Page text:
Journal Reviews

Undiagnosed TB patient source of insidious spread

D’Agata EMC, Wise S, Stewart A. Nosocomial transmission of Mycobacterium tuberculosis from an extrapulmonary site. Infect Control Hosp Epidemiol 2001; 22:10-12.

In a cautionary tale that shows how insidiously tuberculosis can spread from an undiagnosed patient, the authors report TB infection in 12 health care workers.

Their findings suggest that there was minimal, if any, aerosolization of tubercle bacilli from
the patient’s lungs. Instead, transmission of TB occurred through aerosolization of tubercle bacilli from manipulation of the genitourinary wounds. The study underscores the extent of transmission among health care workers as a result of unrecognized genitourinary tract TB, the second most common site of extrapulmonary TB after lymphadenitis. As a result of the case, the authors recommend that infection control professionals consider airborne precautions for patients with open wounds of the genitourinary tract in whom bacterial cultures are negative, until a diagnosis of TB has been excluded.

The case occurred at a 275-bed community hospital in Middle Tennessee, where a patient was admitted for drainage of a prostatic abscess and a bilateral orchiectomy. He died after 27 days of hospitalization, and disseminated TB was then diagnosed at autopsy.

There was no evidence of active pulmonary tuberculosis throughout the patient’s hospitalization. TB skin test conversions occurred only among workers who were exposed to the patient during or after his surgical procedures. A total of 12 (13%) of 95 exposed health care workers who were previously nonreactive had newly positive tests. Those included six of 28 nurses, three of three autopsy personnel, two of 17 respiratory therapists, and one of 12 surgical staff.

The workers were all treated and cleared of infection. By logistic regression, irrigation or packing of the surgical site was the only independent risk factor associated with TB conversion among nurses. Manipulation of infected tissues of the genitourinary tract can result in nosocomial transmission of tuberculosis, the authors concluded.

Although the patient had microscopic evidence of pulmonary TB at autopsy, several factors argue against airborne transmission of TB from the respiratory tract. A chest radiograph on admission revealed no abnormalities, and there were no TB conversions among the 23 workers exposed to the patient prior to surgery.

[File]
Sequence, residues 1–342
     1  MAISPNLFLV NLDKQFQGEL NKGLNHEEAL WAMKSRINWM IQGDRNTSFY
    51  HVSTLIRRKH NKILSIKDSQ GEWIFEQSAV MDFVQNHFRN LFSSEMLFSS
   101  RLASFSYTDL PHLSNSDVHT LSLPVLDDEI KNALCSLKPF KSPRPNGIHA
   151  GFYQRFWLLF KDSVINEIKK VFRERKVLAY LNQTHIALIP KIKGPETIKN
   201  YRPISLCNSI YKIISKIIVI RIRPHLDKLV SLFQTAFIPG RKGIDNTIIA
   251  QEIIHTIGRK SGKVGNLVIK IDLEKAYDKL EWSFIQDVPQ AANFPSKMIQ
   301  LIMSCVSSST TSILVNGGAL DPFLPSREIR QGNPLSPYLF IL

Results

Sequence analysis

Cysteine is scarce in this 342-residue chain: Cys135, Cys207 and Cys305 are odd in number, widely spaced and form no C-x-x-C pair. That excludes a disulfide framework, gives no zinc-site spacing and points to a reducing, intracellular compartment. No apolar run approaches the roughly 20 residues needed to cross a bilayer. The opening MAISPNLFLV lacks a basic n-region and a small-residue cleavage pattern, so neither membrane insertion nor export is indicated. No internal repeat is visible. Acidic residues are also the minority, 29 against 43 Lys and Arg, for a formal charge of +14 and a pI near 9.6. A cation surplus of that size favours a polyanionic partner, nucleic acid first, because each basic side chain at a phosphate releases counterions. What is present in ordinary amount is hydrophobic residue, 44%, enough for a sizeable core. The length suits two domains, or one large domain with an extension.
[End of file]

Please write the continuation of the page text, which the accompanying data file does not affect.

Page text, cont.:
Know the risk factors for persistent MRSA carriage

Low-level resistance to mupirocin also a factor

Harbarth S, Liassine N, Dharan S, et al. Risk factors for persistent carriage of methicillin-resistant Staphylococcus aureus. Clin Infect Dis 2001; 31:1,380-1,385.

Carriage of methicillin-resistant Staphylococcus aureus (MRSA) at multiple body sites and previous receipt of a fluoroquinolone are independent risk factors for persistent MRSA colonization in patients, the authors found. Low-level mupirocin resistance was observed in nine different MRSA strains, but was not independently associated with chronic MRSA carriage. However, even low-level mupirocin resistance may play a role in failure to eradicate carriage.

Mupirocin ointment was introduced in the United Kingdom in the mid-1980s and has subsequently been demonstrated to be highly effective in the eradication of nasal carriage of both methicillin-sensitive and MRSA strains.

However, reports of mupirocin-resistant strains of staphylococci have continued to appear since they were first described in 1987. Usage patterns that have promoted the emergence of mupirocin resistance include application of mupirocin ointment for long periods of time and its indiscriminate use within an institution.

The general consensus is that high-level resistant strains (MIC, >256 mg/mL) cannot be eradicated with mupirocin, whereas the clinical significance of low-level mupirocin resistance remains dubious.

The authors examined the risk factors for persistent MRSA carriage in 98 patients with MRSA colonization who were enrolled in a double-blind, placebo-controlled trial of nasal mupirocin. The probability of persistent MRSA colonization was almost two times greater among patients with more than one colonized body site and among patients who had recently received fluoroquinolones. Low-level mupirocin resistance tended to increase the risk of persistent MRSA carriage, whereas nasal mupirocin treatment tended to confer protection.

The findings may help explain the observed differences in the efficacy of topical eradication treatment in various groups of patients with MRSA carriage, the authors conclude.